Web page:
At the height of the McCarthy era, J. Robert Oppenheimer, the government’s top atomic physicist, came under suspicion as a Soviet spy.

After 19 days of secret hearings in April and May of 1954, the Atomic Energy Commission revoked his security clearance. The action brought his career to a humiliating close, and Oppenheimer, until then a hero of American science, lived out his life a broken man.

But now, hundreds of newly declassified pages from the hearings suggest that Oppenheimer was anything but disloyal.

Historians and nuclear experts who have studied the declassified material — roughly a tenth of the hearing transcripts — say that it offers no damning evidence against him, and that the testimony that has been kept secret all these years tends to exonerate him.

“It’s hard to see why it was classified,” Richard Polenberg, a historian at Cornell University who edited a much earlier, sanitized version of the hearings, said in an interview. “It’s hard to see a principle here — except that some of the testimony was sympathetic to Oppenheimer, some of it very sympathetic.”

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J. Robert Oppenheimer Credit Associated Press

A crucial element in the case against Oppenheimer derived from his resistance to early work on the hydrogen bomb. The physicist Edward Teller, who long advocated a crash program to devise such a weapon, told the hearing that he mistrusted Oppenheimer’s judgment, testifying, “I would feel personally more secure if public matters would rest in other hands.”

But the declassified material, released Oct. 3 by the Energy Department, suggests that Oppenheimer opposed the hydrogen bomb project on technical and military grounds, not out of Soviet sympathies.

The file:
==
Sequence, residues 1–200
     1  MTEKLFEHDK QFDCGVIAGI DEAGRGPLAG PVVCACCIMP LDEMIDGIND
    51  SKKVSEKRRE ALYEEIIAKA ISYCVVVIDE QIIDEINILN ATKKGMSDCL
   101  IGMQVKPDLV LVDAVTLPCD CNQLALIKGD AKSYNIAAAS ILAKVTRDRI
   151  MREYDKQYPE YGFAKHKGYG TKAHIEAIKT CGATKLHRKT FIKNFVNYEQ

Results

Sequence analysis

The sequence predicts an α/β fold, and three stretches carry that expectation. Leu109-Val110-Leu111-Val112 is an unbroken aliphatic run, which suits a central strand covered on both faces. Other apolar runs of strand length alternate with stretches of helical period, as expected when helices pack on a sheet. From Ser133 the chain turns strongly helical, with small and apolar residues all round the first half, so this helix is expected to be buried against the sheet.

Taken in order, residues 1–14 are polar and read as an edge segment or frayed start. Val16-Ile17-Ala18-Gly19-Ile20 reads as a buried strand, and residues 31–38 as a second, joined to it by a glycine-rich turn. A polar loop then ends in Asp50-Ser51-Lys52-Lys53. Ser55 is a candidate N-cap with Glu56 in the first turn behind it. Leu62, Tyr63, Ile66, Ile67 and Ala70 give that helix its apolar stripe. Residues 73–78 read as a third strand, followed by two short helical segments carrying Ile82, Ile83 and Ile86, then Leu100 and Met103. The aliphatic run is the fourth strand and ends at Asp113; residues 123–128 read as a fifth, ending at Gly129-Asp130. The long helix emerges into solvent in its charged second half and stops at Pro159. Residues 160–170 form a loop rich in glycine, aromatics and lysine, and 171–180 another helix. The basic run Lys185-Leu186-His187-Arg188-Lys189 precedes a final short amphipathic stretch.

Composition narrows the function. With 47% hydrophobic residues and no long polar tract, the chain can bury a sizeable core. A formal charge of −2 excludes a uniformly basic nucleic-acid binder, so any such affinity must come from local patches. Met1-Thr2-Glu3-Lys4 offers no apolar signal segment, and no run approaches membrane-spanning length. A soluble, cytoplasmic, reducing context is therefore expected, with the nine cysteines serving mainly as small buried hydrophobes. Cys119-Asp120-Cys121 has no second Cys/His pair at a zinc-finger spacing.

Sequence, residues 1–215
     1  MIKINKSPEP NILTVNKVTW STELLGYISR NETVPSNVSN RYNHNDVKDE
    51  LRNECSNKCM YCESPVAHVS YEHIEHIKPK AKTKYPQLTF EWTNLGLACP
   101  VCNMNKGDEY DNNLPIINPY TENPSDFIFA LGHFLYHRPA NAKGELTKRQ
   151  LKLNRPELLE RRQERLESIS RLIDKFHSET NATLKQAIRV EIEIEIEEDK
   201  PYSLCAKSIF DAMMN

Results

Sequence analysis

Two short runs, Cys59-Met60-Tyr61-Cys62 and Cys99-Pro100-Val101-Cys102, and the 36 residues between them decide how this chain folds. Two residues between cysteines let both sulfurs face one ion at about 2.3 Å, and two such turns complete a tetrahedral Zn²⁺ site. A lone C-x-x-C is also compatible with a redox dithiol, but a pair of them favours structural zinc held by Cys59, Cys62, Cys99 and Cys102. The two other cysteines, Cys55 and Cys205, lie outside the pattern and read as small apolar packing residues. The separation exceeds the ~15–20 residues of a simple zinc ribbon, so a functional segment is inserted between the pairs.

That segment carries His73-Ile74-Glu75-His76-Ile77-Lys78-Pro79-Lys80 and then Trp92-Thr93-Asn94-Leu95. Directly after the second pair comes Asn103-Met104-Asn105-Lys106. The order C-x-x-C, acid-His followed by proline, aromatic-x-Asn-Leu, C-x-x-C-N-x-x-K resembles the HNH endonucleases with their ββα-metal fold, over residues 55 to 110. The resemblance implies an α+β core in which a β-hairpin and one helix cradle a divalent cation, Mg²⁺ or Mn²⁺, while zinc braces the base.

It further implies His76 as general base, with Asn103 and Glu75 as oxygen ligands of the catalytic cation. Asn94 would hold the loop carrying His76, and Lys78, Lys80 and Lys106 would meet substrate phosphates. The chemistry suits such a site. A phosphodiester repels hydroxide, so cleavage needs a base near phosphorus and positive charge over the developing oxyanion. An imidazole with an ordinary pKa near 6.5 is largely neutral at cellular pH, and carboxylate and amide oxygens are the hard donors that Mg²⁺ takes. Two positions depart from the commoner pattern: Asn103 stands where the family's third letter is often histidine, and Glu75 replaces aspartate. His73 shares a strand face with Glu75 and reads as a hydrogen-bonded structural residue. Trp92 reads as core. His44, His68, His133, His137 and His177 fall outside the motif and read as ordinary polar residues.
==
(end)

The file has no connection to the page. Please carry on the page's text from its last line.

Richard Rhodes, author of the 1995 book “Dark Sun: The Making of the Hydrogen Bomb,” said the records showed that making fuel to test one of Teller’s early H-bomb ideas would have forced the nation to forgo up to 80 atomic bombs.

“Oppenheimer was worried about war on the ground in Europe,” Mr. Rhodes said in an interview. He saw the need for “a large stockpile of fission weapons that could be used to turn back a Soviet ground assault.”

The formerly secret testimony “was immensely relevant to Oppenheimer’s opposition,” he said, adding, “There’s a lot here for historians to digest.”

Robert S. Norris, a senior fellow at the Federation of American Scientists and the author of “Racing for the Bomb,” a biography of Lt. Gen. Leslie R. Groves, the military leader of the World War II project to develop the atomic bomb, said a reading of the formerly secret testimony showed it had little or nothing to do with national security.

“In many cases, they deleted material that was embarrassing,” he said in an interview. “That’s pretty obvious.”

The Energy Department, a successor to the Atomic Energy Commission, offered no public analysis of the 19 volumes and no explanation for why it was releasing the material now. It did, however, note that the step took 60 years. Sidestepping questions of guilt or innocence, it referred to the 1954 hearing as a federal assessment of Oppenheimer “as a possible security risk.”

Steven Aftergood, director of the Federation of American Scientists’ project on government secrecy, called the release “long overdue” and added, “It lifts the last remaining cloud from the subject.”

Priscilla McMillan, an atomic historian at Harvard and author of “The Ruin of J. Robert Oppenheimer,” applauded the release but also expressed bafflement at its having taken six decades, saying her own research suggested that the transcripts held “zero classified data.”

An eccentric genius fond of pipes and porkpie hats, Oppenheimer grew up in an elegant building on Riverside Drive in Manhattan, attended the Ethical Culture School and graduated from Harvard in three years. After studies in Europe, he taught physics at the University of California, Berkeley.